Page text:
Discussing dog breeds, dog-adoption, and the human-canine connection.

Wednesday, February 22, 2012

Continential Shepherds: Belgians

The time has come to talk about the group of Continental Shepherds which includes: Belgian, Dutch, French, and German. In order not to appear to have favorites we shall progress in alphabetical order through these breeds; since the Belgian Shepherd includes four varieties, we shall give one whole post over to this group.

Belgian Shepherds
The four varieties of Belgians are: Groenendael, Laekenois, Malinois, Tervuren. When the Belgian Shepherd was first being organized into a breed, these types were recognized as different coat variations of the same breed. (In the U.S. they are recognized as having their own breed standards - it wasn't my idea.) Overall, these are square, athletic, intelligent dogs who have worked on farms and with police; they are versatile, athletic dogs who do best when they have a job to do. They can also be excellent pets for families that train and exercise them and I am aware of some working as service dogs for the disabled.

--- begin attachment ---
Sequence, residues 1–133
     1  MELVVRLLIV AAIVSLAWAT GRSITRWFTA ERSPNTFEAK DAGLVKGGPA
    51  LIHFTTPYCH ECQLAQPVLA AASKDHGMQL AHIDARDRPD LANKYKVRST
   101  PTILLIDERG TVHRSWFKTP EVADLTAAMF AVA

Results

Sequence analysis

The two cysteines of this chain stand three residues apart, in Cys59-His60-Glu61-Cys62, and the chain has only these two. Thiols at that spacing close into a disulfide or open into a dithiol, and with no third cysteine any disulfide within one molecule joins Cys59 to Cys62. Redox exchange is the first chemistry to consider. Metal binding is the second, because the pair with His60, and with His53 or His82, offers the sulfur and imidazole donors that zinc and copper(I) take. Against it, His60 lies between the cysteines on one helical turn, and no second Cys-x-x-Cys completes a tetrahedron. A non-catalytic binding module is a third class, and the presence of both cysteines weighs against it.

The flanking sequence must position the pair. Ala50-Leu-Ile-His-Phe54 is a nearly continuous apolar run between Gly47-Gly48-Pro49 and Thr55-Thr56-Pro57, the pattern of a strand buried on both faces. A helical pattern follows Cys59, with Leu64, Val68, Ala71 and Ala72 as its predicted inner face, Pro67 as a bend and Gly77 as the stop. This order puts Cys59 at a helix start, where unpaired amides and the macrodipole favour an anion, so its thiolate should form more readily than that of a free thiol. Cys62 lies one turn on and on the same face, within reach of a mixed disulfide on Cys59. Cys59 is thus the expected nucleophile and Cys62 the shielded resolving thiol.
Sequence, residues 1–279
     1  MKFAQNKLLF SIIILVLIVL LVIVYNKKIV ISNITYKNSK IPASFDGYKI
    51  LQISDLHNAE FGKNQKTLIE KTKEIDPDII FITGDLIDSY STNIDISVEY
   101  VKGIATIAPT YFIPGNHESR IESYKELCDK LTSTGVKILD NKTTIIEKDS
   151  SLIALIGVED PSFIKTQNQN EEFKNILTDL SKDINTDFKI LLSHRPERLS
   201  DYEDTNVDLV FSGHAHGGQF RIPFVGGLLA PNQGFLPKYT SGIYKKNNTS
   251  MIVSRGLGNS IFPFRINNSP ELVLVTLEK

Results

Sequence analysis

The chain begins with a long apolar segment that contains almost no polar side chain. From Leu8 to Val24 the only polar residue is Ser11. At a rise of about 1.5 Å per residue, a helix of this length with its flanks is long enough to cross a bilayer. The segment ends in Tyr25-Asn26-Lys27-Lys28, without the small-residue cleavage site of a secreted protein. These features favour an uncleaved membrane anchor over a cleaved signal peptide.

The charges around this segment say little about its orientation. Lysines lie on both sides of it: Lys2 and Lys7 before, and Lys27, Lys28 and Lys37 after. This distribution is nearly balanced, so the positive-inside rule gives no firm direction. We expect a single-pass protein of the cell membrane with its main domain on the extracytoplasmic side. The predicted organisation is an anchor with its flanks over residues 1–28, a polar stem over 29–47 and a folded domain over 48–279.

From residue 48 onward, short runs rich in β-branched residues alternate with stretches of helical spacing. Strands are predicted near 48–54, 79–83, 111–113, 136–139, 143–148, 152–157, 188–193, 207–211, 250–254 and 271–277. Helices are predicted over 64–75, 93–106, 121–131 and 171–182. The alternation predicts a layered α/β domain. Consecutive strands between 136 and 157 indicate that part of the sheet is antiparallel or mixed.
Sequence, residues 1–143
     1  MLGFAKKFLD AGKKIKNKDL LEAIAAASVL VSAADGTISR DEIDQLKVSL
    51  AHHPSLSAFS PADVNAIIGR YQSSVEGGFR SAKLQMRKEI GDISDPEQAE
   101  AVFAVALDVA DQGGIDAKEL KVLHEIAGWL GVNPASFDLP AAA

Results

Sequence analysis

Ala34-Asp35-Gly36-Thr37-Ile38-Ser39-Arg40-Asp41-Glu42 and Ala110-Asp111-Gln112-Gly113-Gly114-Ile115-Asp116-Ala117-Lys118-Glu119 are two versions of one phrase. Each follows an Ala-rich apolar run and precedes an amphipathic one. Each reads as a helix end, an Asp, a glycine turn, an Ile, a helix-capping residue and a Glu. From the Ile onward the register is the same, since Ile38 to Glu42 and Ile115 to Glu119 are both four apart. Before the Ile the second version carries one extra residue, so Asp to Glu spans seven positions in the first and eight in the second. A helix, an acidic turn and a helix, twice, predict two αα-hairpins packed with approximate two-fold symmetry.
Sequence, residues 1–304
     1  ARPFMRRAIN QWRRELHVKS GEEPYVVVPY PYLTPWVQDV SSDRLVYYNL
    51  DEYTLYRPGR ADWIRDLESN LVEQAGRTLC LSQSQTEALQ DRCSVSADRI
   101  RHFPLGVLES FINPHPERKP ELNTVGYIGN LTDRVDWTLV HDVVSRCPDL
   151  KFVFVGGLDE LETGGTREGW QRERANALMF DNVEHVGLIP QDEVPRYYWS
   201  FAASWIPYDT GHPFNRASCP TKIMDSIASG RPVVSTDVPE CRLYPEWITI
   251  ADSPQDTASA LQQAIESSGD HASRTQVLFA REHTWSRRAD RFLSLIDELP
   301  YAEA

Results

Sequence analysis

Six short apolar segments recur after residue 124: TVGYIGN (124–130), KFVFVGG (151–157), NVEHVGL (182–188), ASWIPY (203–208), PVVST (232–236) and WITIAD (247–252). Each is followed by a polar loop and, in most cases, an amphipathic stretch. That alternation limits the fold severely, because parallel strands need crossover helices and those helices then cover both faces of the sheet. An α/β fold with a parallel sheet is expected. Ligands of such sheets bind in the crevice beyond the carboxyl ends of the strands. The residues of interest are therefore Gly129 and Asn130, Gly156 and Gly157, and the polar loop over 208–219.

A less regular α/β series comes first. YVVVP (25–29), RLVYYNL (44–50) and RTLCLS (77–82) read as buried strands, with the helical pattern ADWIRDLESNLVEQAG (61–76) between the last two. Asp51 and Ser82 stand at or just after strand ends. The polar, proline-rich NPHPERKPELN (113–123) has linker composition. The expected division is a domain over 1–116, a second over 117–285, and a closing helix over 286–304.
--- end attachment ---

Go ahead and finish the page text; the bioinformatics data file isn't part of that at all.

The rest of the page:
This is the black long haired member of the Belgian family. The dog to the right is working/living on a farm in the U.S.

This is perhaps the variety that is still showing up most often in working farm environments outside its homeland. (Feel free to disagree with me in the comment section - I'm using personal observation more than scientifically gathered data in making this statement...I've found examples of this breed on farms in multiple countries.)


This is the rough, or wire haired variety of the breed, fawn with black overlay and black mask.
They are also the least common of the four varieties and not as well known. In the U.S. this is the variety that is not currently recognized (registered with) the American Kennel Club in part because there are not enough members of the breed in the country.

I would love to have one of these fuzzy-wuzzies one day if fate should ever care to make that happen....